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Atrial fibrillation is one of the most frequent reasons for therapeutic anticoagulation in everyday practice. Oral vitamin K antagonists such as Marcumar have been state of the art anticoagulants to prevent thrombembolic events in patients with atrial fibrillation and additional risk factors. But these drugs are accompanied by disadvantages such as increased bleeding risk and impaired quality of life caused by interactions with food or other medications as well as frequent controls of INRs. The new anticoagulants apixaban, rivaroxaban and dabigatran are direct antagonists of coagulation factors (FXa or FIIa) and demonstrate a promising risk/benefit profile in large clinical trials compared with vitamin K antagonists. Their approval for clinical use will open up new therapeutic perspectives for patients with atrial fibrillation and indication for anticoagulation.
Prof. Dr. Martin Moser, Universitätsklinik Freiburg, Innere Medizin III (Kardiologie und Angiologie), Hugstetter Str. 55, 79106 Freiburg.
This article was published in the following journal.
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The goal of this study is to learn about the patient and provider perceptions, priorities, preferences, and willingness to use/prescribe anticoagulation as a stroke prevention therapy in p...
The aim of the study is to compare intermedium-term clinical outcomes, including thromboembolic events and bleeding complications between patients with non-valvular atrial fibrillation tre...
To compare two standard treatment strategies for atrial fibrillation: ventricular rate control and anticoagulation vs. rhythm control and anticoagulation.
The main research question of this patient survey is to assess AF (Atrial Fibrillation) patients' preferences associated with different attributes which describe the different available an...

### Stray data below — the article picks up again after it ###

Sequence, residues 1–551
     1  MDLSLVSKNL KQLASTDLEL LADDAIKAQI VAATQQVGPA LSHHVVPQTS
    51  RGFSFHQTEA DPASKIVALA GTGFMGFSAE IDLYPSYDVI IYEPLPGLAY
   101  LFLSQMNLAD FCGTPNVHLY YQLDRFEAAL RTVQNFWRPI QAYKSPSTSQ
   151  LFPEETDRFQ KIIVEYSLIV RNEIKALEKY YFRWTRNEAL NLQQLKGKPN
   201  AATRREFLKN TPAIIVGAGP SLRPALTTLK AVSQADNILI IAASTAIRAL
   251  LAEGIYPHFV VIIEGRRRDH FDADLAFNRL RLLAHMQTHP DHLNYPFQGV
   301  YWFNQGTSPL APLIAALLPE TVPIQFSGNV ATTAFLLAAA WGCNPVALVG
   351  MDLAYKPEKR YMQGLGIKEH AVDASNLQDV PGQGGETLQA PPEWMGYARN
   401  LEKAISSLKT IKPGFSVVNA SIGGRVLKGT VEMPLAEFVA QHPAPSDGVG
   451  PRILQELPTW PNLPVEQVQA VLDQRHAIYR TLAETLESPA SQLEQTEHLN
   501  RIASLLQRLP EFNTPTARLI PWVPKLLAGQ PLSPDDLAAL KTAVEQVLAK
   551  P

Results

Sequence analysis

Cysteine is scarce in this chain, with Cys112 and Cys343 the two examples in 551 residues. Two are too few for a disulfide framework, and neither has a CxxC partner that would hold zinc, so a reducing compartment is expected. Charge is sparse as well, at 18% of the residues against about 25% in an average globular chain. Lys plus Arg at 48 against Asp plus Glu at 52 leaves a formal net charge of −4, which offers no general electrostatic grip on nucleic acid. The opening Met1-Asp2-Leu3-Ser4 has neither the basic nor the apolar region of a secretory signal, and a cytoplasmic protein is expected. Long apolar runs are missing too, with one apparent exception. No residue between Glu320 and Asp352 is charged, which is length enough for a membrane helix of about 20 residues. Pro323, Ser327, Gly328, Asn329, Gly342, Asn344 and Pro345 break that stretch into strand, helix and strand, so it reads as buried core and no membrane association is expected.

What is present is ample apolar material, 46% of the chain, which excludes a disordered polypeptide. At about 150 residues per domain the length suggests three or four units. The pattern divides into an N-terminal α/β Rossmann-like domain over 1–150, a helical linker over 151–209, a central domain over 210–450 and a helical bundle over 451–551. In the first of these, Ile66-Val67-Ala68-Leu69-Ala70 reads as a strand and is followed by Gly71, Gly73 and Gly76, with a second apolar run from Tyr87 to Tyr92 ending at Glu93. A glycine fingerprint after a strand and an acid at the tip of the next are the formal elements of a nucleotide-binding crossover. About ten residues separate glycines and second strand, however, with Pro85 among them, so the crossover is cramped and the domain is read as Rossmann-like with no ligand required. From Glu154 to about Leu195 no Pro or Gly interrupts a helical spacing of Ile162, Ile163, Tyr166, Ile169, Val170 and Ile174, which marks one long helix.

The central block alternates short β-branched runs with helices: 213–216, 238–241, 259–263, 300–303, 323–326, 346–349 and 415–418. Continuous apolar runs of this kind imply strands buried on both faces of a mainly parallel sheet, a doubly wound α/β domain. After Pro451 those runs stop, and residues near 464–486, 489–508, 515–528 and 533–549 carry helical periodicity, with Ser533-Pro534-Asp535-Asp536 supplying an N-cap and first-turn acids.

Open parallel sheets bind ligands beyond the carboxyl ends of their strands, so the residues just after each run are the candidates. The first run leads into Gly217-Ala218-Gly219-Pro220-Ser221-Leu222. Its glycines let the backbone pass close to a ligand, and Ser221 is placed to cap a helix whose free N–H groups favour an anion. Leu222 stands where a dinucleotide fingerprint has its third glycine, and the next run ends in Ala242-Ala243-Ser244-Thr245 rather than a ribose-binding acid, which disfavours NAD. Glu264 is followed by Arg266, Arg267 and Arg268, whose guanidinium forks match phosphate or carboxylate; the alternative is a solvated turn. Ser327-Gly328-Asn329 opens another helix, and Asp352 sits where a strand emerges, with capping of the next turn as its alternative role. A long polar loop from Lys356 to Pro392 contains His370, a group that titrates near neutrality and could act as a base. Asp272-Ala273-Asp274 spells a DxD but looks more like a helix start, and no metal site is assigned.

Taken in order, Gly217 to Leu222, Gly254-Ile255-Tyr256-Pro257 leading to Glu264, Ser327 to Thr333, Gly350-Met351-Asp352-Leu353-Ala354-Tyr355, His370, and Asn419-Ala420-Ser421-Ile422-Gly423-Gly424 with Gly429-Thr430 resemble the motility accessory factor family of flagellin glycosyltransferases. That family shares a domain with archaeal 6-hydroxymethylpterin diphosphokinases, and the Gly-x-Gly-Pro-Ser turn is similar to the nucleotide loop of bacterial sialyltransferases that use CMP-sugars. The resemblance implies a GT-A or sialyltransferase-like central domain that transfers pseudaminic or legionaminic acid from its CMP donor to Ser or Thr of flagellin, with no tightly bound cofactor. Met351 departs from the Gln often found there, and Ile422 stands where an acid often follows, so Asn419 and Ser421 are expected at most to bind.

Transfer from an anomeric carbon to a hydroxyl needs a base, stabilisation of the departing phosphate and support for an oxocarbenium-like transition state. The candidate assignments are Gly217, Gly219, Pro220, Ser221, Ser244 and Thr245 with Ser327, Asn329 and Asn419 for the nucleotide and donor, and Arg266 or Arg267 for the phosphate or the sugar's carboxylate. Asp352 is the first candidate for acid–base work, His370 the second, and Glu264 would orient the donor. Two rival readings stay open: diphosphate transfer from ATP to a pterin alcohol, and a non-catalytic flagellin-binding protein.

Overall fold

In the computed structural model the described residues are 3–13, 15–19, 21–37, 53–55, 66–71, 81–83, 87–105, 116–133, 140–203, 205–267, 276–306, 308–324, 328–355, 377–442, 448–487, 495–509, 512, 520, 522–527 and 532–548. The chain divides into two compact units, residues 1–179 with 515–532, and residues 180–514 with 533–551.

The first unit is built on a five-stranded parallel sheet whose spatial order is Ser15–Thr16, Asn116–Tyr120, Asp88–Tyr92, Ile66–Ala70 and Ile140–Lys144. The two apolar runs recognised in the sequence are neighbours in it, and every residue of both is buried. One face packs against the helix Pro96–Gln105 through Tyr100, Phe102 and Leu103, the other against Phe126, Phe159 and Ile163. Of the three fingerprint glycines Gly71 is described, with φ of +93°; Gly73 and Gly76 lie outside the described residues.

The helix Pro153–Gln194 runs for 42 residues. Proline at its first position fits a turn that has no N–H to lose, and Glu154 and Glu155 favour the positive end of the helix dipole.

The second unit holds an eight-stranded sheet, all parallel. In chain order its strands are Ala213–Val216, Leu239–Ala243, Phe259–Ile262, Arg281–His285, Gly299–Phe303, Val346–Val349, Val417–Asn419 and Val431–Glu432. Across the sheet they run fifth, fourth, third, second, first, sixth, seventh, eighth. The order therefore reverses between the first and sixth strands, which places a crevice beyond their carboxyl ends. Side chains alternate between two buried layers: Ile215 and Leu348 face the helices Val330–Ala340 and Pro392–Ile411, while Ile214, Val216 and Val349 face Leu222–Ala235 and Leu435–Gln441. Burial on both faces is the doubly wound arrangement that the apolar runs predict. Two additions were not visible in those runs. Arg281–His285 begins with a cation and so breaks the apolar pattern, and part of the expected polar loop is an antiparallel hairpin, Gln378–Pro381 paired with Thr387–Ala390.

To determine the benefits and risks of oral anticoagulant therapy in reducing embolic stroke and systemic emboli in patients with atrial fibrillation without rheumatic heart disease.
Rapid, irregular atrial contractions caused by a block of electrical impulse conduction in the right atrium and a reentrant wave front traveling up the inter-atrial septum and down the right atrial free wall or vice versa. Unlike ATRIAL FIBRILLATION which is caused by abnormal impulse generation, typical atrial flutter is caused by abnormal impulse conduction. As in atrial fibrillation, patients with atrial flutter cannot effectively pump blood into the lower chambers of the heart (HEART VENTRICLES).
A cardiotonic glycoside obtained mainly from Digitalis lanata; it consists of three sugars and the aglycone DIGOXIGENIN. Digoxin has positive inotropic and negative chronotropic activity. It is used to control ventricular rate in ATRIAL FIBRILLATION and in the management of congestive heart failure with atrial fibrillation. Its use in congestive heart failure and sinus rhythm is less certain. The margin between toxic and therapeutic doses is small. (From Martindale, The Extra Pharmacopoeia, 30th ed, p666)
An anticoagulant that acts by inhibiting the synthesis of vitamin K-dependent coagulation factors. Warfarin is indicated for the prophylaxis and/or treatment of venous thrombosis and its extension, pulmonary embolism, and atrial fibrillation with embolization. It is also used as an adjunct in the prophylaxis of systemic embolism after myocardial infarction. Warfarin is also used as a rodenticide.
A type of cardiac arrhythmia with premature atrial contractions or beats caused by signals originating from ectopic atrial sites. The ectopic signals may or may not conduct to the HEART VENTRICLES. Atrial premature complexes are characterized by premature P waves on ECG which are different in configuration from the P waves generated by the normal pacemaker complex in the SINOATRIAL NODE.
Abnormal cardiac rhythm that is characterized by rapid, uncoordinated firing of electrical impulses in the upper chambers of the heart (HEART ATRIA). In such case, blood cannot be effectively pumped into the lower chambers of the heart (HEART VENTRICLES). It is caused by abnormal impulse generation.
Within medicine, nutrition (the study of food and the effect of its components on the body) has many different roles. Appropriate nutrition can help prevent certain diseases, or treat others. In critically ill patients, artificial feeding by tubes need t...
Food is any substance consumed to provide nutritional support for the body. It is usually of plant or animal origin, and contains essential nutrients, such as carbohydrates, fats, proteins, vitamins, or minerals. The substance is ingested by an organism ...